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Voters will head to the polls across Lebanon Sunday to choose their parliament for the first time in nine years, after prolonged political gridlock and three vote postponements.
But they're not particularly optimistic about it.
Since its last election, Lebanon has been engulfed by a refugee crisis which has seen more that 1 million displaced Syrians stream over its borders, overwhelming the country of just 4 million. It suffered an ongoing waste management crisis during which trash piled up in city streets, went two years without an effective government, experienced a sharp rise in public debt, witnessed multiple terrorist attacks, and had its prime minister temporarily resign in what many described as a kidnapping.
But what's stayed consistent, many Lebanese say, is entrenched corruption, cronyism and political deadlock that's prevented the government from fixing its most pressing problems. And the new elections — so far — don't appear promising.
"Lebanese politicians messed up," Carmen Geha, an assistant professor of public administration at the American University of Beirut (AUB), told CNBC via phone. Much of the frustration stems from a new and complicated voter law. It basically requires voters to cast two votes: one for a whole list, or alliance, of particular candidates, and then one for a preferred individual candidate out of that list, and seats are then allocated proportionally.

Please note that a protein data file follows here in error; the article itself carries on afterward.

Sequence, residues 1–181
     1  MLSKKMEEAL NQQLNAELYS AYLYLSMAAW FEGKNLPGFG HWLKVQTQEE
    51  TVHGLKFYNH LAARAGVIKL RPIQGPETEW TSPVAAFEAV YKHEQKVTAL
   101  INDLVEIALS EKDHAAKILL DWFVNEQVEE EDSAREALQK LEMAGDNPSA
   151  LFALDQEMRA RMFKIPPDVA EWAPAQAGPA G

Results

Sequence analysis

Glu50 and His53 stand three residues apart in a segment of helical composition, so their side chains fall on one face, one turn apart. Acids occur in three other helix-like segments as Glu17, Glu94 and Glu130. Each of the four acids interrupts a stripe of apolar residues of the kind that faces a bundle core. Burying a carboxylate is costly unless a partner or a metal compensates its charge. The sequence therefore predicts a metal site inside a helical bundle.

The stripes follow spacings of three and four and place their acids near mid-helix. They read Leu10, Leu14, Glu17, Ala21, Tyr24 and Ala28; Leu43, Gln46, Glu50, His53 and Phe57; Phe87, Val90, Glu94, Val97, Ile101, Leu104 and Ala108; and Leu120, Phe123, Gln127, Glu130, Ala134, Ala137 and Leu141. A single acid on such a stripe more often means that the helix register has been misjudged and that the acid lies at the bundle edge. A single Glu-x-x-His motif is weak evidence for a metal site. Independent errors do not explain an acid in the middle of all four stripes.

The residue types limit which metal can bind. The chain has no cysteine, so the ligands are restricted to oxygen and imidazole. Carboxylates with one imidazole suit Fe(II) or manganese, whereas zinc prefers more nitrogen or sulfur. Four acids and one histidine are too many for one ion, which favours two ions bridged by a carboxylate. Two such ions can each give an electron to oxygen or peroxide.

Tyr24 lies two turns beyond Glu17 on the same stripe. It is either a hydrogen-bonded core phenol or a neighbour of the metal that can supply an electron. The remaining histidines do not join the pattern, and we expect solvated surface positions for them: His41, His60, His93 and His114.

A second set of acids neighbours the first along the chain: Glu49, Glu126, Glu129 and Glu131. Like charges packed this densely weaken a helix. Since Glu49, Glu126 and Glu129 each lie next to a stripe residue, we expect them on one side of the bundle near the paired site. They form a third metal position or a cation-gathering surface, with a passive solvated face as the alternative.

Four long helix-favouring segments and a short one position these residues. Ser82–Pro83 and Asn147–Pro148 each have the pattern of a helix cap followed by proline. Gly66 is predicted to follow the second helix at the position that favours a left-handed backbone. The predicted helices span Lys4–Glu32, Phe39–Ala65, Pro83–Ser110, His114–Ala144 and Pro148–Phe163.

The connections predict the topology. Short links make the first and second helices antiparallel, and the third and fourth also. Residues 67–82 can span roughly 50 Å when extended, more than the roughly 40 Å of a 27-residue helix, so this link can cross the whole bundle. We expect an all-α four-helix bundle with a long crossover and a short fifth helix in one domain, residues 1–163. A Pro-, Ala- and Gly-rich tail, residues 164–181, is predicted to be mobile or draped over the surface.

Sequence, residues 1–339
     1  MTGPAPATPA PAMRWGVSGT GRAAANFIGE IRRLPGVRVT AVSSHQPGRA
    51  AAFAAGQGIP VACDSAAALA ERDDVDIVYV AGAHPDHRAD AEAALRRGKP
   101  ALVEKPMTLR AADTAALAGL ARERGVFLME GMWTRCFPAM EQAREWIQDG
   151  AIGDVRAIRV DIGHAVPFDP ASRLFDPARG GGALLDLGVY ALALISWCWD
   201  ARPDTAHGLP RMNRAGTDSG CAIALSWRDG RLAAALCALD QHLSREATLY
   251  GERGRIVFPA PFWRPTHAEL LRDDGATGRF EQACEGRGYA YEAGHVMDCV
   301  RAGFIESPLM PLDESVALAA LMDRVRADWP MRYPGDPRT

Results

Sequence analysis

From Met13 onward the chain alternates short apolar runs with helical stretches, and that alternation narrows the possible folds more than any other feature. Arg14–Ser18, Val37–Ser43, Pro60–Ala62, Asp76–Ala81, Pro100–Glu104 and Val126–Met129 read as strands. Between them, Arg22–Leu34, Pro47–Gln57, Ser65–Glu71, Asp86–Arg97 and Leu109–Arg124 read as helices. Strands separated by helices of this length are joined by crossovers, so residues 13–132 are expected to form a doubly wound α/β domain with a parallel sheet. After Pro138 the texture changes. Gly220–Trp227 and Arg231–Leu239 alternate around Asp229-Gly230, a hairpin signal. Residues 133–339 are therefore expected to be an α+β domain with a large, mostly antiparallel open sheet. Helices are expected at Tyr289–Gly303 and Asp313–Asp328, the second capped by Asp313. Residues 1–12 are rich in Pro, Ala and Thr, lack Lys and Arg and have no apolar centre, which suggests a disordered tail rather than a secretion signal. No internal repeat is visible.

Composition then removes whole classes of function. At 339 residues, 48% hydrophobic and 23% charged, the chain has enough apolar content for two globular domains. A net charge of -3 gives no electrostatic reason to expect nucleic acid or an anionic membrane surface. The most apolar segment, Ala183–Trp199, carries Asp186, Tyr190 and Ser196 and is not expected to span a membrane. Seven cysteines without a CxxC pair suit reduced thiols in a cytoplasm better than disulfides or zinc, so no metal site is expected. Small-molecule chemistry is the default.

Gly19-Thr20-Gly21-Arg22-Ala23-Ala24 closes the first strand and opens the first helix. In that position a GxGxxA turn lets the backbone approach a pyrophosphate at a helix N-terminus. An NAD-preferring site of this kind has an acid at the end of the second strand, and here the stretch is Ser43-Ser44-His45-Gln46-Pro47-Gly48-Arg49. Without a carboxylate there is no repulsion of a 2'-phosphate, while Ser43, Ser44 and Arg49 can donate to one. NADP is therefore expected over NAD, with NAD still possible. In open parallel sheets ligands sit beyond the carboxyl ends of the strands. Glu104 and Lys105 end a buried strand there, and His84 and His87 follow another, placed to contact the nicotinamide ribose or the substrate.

Parties have therefore sought strategic — and often superficial — alliances based on local dynamics in order to maximize votes. Voters say the system ensures whoever is most powerful among each list will simply hold onto power.
"People are likely to vote for the big guys — it discourages small, independent groups and women and favors existing male leadership," said Geha. She and other voters lament the lack of emphasis on national policy issues in this contest, saying it instead is focused on localized interests and clientelism.
"It's a 'you scratch my back, I scratch yours' kind of election," Geha said.
Nonetheless, she still believes people will come out and vote, thanks to a new surge in independent and civil society-linked candidates.